Vatican Government and Infrastructure

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Vatican coat of arms: The crossed keys symbolise the keys of Simon Peter. The keys are gold and silver to represent the power of loosing and binding. The triple crown (the tiara) symbolizes the triple power of the Pope as "father of kings", "governor of the world" and "Vicar of Christ". pictured above is the seal of the Vatican City. The gold cross on a monde (globe) surmounting the tiara symbolizes the sovereignty of Jesus

The Catholic Church is not an absolute monarchy but the Vatican state is. Both the Vatican and Catholic Church have a centralized, top-down, hierarchal structure. This goes against the traditional Christian distrust of power.

In the mid-19th century, the Vatican decided that key to its survival was the centralization of power in the papacy. The Vatican Council of 1869-70 proclaimed the dogma of papal infallibility in part to give the Pope the last word in both spiritual and administrative matters.

Priests and popes are not supposed to participate directly in politics. The 1929 Lateran Treaty, which made the Vatican a sovereign state was part of efforts to stem the tide against modernity which was strengthening the power of Catholic political parties and lay communities at the expense of the Vatican and the Pope.

Websites and Resources Holy See ; Catholic Online ; Catholic Encyclopedia ; Lives of the Saints: ; BBC on Christianity ; Candida Moss at the Daily Beast Daily Beast Christian Answers ; Christian Classics Ethereal Library ; Sacred Texts website ; Internet Sourcebook ;

Vatican State

Rome is the See of the Pope (the Holy See), who resides in Vatican City, an independent papal state within the boundaries of Rome since February, 1929. A see is the jurisdiction area of a Bishop and the Pope is the Bishop of Rome. The word "see," as in the "Holy See" come from Latin “sedes” ("seat"). It refers to the "Holy Seat" of the Bishop of Rome, or the Pope. Rome has been the home of the Holy See since A.D. 42.

According to the BBC: “The Vatican is the smallest independent state in the world and residence of the spiritual leadership of the Roman Catholic Church. Its territory is surrounded by the Italian capital city Rome, and priests and nuns of many nationalities make up almost all of the population. [Source: BBC, January 31, 2018 |::|]

Vatican flag

“The Vatican City is a tiny fragment when compared with the extensive Papal States of central Italy, which were conquered by the forces of Italian unification in the mid-19th century. The popes then became "prisoners in the Vatican", unwilling to leave the confines of the Apostolic Palace until 1929, when Italy's Fascist government negotiated the Lateran Treaty that created the current mini-state. |::|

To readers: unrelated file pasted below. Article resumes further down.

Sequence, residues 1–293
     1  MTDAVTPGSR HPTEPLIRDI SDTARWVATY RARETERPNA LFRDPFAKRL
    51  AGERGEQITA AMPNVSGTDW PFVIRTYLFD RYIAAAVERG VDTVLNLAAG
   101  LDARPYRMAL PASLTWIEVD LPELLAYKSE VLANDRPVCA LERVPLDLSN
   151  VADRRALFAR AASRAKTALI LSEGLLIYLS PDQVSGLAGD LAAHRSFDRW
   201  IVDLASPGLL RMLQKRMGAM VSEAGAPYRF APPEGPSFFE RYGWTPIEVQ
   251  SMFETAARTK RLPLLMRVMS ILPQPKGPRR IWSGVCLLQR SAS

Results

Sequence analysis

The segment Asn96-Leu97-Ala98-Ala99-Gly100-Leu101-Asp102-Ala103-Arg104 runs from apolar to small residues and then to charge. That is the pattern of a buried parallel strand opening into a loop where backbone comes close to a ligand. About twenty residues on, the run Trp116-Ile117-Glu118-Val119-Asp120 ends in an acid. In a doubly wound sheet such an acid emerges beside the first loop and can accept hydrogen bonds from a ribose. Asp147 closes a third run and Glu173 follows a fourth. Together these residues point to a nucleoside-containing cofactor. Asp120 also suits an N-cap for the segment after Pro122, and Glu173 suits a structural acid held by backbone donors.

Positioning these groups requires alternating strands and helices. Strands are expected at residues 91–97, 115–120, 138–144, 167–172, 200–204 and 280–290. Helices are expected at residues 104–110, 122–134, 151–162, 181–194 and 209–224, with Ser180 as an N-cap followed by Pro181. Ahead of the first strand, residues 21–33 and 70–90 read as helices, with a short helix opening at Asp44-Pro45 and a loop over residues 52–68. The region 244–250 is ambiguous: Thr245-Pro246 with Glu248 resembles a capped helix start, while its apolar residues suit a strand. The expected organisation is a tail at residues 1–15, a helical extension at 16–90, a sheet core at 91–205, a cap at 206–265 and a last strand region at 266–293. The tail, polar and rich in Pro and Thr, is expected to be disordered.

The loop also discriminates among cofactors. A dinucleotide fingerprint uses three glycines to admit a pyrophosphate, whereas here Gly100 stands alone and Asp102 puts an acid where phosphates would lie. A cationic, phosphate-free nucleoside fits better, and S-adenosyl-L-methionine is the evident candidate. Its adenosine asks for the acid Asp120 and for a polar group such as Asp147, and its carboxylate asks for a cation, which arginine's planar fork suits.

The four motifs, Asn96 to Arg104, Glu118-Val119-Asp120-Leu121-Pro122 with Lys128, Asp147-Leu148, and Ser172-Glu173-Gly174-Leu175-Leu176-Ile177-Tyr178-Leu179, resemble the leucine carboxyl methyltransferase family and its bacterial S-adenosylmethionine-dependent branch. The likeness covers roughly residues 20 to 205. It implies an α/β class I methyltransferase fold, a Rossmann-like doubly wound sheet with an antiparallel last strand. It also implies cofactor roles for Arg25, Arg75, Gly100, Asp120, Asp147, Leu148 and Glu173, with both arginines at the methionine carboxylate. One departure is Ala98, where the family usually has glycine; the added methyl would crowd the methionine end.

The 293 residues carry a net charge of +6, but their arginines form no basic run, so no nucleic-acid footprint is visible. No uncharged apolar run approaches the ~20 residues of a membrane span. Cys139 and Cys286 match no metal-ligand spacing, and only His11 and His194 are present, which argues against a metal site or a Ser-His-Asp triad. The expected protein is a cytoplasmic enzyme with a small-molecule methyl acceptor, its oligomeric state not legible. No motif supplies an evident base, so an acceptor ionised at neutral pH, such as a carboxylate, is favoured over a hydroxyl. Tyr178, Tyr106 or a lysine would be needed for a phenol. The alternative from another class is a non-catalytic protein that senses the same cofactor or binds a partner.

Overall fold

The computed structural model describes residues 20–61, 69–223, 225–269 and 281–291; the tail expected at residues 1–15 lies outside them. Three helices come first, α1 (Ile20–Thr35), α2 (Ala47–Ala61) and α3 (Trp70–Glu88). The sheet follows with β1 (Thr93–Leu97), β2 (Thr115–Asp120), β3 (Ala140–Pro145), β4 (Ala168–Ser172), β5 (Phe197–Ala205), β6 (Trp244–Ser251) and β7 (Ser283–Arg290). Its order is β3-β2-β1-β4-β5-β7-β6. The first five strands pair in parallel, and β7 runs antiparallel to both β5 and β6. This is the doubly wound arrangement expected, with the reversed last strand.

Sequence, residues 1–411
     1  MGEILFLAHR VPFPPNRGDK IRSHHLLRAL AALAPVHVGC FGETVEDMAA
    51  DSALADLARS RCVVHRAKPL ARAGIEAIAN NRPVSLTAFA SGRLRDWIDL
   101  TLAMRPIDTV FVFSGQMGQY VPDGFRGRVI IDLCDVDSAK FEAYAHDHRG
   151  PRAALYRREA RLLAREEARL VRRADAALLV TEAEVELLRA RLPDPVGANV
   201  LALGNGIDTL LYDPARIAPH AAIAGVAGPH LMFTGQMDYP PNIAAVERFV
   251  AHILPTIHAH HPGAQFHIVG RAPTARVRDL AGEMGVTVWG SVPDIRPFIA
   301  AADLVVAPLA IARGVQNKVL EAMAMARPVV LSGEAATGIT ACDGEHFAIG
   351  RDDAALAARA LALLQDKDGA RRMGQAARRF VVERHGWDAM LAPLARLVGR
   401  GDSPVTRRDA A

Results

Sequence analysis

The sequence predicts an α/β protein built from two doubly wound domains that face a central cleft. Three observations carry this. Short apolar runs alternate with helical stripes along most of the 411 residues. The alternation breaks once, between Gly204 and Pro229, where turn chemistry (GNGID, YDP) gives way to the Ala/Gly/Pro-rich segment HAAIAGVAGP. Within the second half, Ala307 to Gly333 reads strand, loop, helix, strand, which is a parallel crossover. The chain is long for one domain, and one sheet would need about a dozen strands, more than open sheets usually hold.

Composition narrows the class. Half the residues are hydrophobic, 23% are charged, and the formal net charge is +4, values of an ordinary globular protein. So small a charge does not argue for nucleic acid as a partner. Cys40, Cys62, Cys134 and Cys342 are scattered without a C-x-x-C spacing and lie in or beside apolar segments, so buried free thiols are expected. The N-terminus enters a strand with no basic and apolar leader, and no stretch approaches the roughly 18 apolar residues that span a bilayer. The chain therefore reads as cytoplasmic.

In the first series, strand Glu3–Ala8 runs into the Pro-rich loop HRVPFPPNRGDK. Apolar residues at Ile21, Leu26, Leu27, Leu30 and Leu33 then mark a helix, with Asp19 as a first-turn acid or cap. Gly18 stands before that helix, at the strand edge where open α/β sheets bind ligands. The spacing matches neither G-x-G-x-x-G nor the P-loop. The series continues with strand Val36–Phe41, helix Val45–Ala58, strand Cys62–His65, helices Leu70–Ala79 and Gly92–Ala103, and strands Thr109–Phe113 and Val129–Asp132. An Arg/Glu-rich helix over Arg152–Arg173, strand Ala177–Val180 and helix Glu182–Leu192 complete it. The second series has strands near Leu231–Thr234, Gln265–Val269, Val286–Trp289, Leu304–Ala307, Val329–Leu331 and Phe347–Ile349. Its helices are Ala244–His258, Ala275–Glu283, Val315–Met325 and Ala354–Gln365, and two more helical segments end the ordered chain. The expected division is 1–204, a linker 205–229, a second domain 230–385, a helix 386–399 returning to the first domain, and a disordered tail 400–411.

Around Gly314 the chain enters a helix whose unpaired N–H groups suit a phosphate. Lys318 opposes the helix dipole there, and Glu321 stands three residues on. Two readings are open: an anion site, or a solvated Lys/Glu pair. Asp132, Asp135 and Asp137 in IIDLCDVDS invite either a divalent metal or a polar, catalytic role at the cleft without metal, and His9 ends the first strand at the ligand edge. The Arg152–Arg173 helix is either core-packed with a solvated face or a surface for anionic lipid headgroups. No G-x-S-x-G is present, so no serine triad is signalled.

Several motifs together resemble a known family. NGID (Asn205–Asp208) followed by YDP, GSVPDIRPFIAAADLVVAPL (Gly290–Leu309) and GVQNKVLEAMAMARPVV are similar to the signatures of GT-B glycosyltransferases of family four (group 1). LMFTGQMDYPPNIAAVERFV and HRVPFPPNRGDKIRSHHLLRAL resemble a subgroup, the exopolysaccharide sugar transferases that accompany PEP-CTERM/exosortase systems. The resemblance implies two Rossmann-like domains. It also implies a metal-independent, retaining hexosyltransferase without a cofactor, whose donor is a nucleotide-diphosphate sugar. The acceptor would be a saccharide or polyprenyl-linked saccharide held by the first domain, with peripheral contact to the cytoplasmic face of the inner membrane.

“The Vatican City itself packs many imposing buildings into its small area. These include St Peter's Basilica, a pilgrimage site. The Vatican Museums and Art Galleries house the priceless art collections of the popes.

Vatican City came into existence in 1929 as a separate state with the Lateran Treaty, a deal struck between the Catholic church and the Italian leader Benito Mussolini that gave the Pope legal authority in Vatican territory in exchange for the church remaining neutral in Italian political affairs. Before the Lateran Treaty the Pope ruled over a shrinking and warring kingdom known as the papal states.

Entrance to the Vatican Museums does not include entrances inside all the Vatican City. Much of the city is limited to scholars with special library passes, to people visiting residents and citizens with prescriptions that can only be filled in the Vatican pharmacy. The Vatican parish is St. Ann's.

Vatican Country Profile

The Vatican, or the Holy See, is the world's smallest country. 108.7 acres (one eighth the size of New York's Central park). It is home to about 800 people. The world’s five smallest political entities (in square kilometers) are: 1) Vatican City (0.4); 2) Monaco (2); 3) Nauru (21); 4) Tuvalu (26); 5) San Marino (61). Vatican City (the Papal State of Rome) and San Marino (the oldest republic in the world) are separate enclaves within Italy.

Vatican statistics: Population about 800. Area 0.44 sq km (0.17 sq mile). Major languages Latin (official), Italian. Life expectancy 74 years (men), 81 years (women). Currency euro. [Source: BBC]

Flag: White and gold have been colors associated with the Vatican for centuries. Crossed keys refer to papal power and to the giving of keys by Christ to St. Peter (Peter was selected by Jesus to carry on the Christian religion). The papal according to some sources stands for the royal, imperial and sacred powers of the pope.

Vatican Population

The Vatican is home to about 800 people. Most are priests, nuns and other clerics. The service industry included the 100-member Swiss Guard. There are about 3,400 lay employees who live outside the city.